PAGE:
On December 8, 2010, this Technical Advisory Group (TAG) meeting brought together practitioners of the Care Group model from a variety of organizations in order to consider what is currently known about the effectiveness of the Care Group model and implications for scaling up. Critical questions for the group to consider included whether Care Groups should be scaled up, and if so, how, when, where does it fit into the types of systems governments are looking at for community health workers around the world.
The meeting started with a review of the Care Group definition and minimum criteria followed by a presentation on the comparison of experiences and evaluations across Care Groups. The review of experiences included a presentation by Henry Perry based on final evaluations he has conducted of six projects using the Care Group model and a presentation by Lynette Friedman on the results from a Survey Monkey conducted prior to the meeting to solicit experiences with the Care Group model. Following these presentations, the group explored issues related to scaling up Care Groups through NGOs and/or governments with small groups taking on these two distinct audiences and developing lists of barriers and enablers for scale in order to identify the replication and scale up challenges. In the afternoon, participants split into small groups to explore: how to better diffuse the model across organizations including identification of any needed tools for quality implementation; research gaps; advocacy needs, audiences, and approaches; and the experience in Rwanda with integration of Care Groups and government CHWs with a focus on challenges, advocacy needed, and what could be done to support the overall effort.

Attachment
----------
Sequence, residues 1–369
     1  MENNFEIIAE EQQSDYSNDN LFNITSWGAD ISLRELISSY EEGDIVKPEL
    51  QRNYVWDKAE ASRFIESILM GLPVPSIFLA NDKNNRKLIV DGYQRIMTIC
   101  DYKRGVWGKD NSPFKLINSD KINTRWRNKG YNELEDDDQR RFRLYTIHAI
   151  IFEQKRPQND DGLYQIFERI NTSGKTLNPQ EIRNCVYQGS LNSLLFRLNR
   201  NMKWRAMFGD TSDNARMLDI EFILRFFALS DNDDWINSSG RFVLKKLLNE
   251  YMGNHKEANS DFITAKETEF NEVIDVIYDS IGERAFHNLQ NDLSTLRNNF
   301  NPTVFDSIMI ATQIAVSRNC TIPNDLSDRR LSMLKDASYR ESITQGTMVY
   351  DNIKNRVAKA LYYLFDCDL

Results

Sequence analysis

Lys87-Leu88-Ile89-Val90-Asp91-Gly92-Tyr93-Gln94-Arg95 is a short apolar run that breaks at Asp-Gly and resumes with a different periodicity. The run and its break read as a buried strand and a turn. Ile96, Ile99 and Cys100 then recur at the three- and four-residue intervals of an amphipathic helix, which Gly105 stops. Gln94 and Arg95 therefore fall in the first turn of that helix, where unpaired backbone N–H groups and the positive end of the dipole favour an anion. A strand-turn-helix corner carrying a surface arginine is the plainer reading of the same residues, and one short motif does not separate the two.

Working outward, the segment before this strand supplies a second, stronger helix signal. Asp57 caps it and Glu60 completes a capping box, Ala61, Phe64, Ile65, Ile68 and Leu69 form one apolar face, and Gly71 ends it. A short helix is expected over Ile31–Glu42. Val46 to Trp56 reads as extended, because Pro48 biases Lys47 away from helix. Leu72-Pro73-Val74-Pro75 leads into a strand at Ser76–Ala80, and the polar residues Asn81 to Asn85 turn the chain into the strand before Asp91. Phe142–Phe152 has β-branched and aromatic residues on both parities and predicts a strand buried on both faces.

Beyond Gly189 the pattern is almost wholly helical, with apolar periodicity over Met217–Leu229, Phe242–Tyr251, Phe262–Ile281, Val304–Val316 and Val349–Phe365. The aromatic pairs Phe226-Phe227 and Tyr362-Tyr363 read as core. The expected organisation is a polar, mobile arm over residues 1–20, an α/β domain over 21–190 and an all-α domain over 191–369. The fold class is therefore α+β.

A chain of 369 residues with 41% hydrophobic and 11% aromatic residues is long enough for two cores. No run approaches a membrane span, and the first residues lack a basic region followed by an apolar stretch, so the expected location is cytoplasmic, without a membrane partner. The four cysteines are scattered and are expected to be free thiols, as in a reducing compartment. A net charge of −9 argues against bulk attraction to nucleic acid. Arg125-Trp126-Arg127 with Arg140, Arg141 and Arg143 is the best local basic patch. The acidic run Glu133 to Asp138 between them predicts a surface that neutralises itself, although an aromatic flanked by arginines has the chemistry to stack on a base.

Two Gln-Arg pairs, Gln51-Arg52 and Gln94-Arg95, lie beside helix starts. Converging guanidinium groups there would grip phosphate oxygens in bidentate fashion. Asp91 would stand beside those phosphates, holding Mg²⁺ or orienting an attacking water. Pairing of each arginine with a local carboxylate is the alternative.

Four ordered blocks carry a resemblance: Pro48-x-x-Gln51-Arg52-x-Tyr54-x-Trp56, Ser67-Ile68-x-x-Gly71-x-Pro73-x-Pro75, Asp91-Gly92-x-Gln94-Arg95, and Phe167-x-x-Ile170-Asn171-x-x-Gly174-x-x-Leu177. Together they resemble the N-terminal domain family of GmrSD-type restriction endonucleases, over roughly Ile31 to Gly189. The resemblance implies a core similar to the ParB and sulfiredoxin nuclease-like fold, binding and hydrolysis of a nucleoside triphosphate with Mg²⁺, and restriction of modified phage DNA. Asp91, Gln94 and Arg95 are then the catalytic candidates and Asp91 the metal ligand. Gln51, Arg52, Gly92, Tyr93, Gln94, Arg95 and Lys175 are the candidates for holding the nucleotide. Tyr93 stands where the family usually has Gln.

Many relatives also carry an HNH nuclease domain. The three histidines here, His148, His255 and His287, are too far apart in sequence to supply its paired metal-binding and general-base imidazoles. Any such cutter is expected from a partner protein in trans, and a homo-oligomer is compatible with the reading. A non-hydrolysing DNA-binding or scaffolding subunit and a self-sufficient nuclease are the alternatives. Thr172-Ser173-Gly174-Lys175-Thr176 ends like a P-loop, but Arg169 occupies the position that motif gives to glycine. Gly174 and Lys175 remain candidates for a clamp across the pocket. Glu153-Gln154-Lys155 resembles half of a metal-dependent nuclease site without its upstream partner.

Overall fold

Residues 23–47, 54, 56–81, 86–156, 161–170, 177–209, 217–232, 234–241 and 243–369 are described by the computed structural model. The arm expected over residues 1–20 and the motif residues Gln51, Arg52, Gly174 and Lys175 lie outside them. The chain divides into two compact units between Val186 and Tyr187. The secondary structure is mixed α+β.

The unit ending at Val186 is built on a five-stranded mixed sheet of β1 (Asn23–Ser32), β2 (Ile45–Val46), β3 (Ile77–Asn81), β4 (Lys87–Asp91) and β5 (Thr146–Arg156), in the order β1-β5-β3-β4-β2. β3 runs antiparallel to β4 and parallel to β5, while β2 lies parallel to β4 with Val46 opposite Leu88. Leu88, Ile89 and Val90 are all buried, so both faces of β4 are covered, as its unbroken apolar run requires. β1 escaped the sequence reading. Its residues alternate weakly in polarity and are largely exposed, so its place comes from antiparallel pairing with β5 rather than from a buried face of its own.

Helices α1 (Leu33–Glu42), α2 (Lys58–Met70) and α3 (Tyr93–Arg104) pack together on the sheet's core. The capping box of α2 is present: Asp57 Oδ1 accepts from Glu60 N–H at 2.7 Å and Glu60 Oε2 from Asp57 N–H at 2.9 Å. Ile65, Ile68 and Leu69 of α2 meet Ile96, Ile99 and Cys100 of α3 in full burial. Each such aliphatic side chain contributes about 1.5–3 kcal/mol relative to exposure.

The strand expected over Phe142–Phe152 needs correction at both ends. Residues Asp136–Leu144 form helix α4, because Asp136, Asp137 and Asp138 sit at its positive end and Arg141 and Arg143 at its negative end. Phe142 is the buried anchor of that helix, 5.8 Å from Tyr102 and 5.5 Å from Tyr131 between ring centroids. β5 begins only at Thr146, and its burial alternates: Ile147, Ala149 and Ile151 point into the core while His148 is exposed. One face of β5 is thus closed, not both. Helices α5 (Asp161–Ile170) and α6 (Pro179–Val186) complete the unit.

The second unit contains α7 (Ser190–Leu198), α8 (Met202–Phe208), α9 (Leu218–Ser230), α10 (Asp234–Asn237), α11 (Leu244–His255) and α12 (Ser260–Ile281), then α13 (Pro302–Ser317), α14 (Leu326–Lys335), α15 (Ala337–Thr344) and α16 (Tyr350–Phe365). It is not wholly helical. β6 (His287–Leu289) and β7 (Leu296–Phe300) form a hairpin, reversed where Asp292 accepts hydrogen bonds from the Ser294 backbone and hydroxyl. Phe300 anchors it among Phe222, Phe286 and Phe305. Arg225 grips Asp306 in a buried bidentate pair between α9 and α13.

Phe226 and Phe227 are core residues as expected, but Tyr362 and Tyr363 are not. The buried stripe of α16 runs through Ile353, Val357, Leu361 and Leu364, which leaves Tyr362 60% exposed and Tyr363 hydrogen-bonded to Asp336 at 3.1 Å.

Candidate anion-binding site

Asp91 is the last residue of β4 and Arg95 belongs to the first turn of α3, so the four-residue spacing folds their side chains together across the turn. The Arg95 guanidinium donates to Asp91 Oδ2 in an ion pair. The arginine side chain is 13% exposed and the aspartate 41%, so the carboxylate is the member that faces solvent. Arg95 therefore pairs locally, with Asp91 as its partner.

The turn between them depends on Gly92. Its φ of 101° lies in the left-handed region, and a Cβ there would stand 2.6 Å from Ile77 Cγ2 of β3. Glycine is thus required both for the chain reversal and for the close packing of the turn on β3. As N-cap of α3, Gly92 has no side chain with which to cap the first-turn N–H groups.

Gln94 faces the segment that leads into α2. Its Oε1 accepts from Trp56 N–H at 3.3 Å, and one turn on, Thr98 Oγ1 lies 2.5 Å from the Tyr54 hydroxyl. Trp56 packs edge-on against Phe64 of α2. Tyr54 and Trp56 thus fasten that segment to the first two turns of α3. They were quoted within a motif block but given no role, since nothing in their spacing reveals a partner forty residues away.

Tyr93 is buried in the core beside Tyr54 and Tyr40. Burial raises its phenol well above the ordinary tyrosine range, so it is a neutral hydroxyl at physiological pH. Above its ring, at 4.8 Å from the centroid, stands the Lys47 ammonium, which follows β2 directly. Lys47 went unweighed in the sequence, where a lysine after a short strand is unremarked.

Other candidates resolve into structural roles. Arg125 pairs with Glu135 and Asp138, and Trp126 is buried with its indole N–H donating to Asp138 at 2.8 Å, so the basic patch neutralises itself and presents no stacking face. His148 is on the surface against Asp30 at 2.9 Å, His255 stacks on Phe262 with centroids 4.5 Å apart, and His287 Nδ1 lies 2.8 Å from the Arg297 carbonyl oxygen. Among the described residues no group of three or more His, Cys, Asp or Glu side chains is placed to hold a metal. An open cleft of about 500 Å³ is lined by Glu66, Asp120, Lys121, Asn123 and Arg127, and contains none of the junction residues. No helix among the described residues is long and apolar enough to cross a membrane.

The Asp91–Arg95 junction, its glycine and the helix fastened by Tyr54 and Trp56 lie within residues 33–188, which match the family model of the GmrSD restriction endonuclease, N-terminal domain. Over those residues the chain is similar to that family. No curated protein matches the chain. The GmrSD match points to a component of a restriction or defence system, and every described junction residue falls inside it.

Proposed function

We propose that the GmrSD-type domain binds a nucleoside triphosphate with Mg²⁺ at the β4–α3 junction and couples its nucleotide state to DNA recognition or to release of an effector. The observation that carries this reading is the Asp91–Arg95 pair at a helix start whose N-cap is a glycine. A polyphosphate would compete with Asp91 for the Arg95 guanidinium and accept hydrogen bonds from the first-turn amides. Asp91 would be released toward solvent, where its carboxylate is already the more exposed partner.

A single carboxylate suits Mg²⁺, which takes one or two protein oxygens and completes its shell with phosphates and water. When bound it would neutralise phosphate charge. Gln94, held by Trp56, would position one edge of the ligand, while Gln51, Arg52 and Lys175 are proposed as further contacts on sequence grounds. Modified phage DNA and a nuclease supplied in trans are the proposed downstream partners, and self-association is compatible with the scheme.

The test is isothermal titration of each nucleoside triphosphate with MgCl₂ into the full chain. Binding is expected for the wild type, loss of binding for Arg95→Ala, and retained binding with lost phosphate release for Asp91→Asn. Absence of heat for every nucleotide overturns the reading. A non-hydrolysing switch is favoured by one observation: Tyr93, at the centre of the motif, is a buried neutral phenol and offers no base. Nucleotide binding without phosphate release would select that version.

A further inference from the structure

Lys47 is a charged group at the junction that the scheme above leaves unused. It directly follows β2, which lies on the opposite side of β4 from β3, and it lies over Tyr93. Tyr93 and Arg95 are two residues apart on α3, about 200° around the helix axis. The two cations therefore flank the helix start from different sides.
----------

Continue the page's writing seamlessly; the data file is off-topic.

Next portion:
- Care Groups create a multiplying effect to equitably reach every beneficiary household with interpersonal behavior change communication.
- Care Groups are not meant to replace Community Health Workers (CHWs) but rather provide a means to extend the reach of CHWs to achieve high levels of household level behavior change associated with mortality reduction.
- Implementation of Care Groups at scale requires partnership with MOH, NGOs and communities.